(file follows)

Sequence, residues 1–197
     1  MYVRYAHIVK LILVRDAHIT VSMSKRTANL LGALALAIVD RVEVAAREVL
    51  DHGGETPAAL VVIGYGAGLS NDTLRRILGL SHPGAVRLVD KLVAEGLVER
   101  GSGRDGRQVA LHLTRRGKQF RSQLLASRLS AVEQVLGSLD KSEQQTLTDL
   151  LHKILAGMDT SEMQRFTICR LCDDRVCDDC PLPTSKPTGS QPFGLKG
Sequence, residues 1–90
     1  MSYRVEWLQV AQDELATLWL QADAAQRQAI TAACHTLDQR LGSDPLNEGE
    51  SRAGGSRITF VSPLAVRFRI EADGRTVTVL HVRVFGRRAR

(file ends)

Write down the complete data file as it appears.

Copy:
Sequence, residues 1–197
     1  MYVRYAHIVK LILVRDAHIT VSMSKRTANL LGALALAIVD RVEVAAREVL
    51  DHGGETPAAL VVIGYGAGLS NDTLRRILGL SHPGAVRLVD KLVAEGLVER
   101  GSGRDGRQVA LHLTRRGKQF RSQLLASRLS AVEQVLGSLD KSEQQTLTDL
   151  LHKILAGMDT SEMQRFTICR LCDDRVCDDC PLPTSKPTGS QPFGLKG
Sequence, residues 1–90
     1  MSYRVEWLQV AQDELATLWL QADAAQRQAI TAACHTLDQR LGSDPLNEGE
    51  SRAGGSRITF VSPLAVRFRI EADGRTVTVL HVRVFGRRAR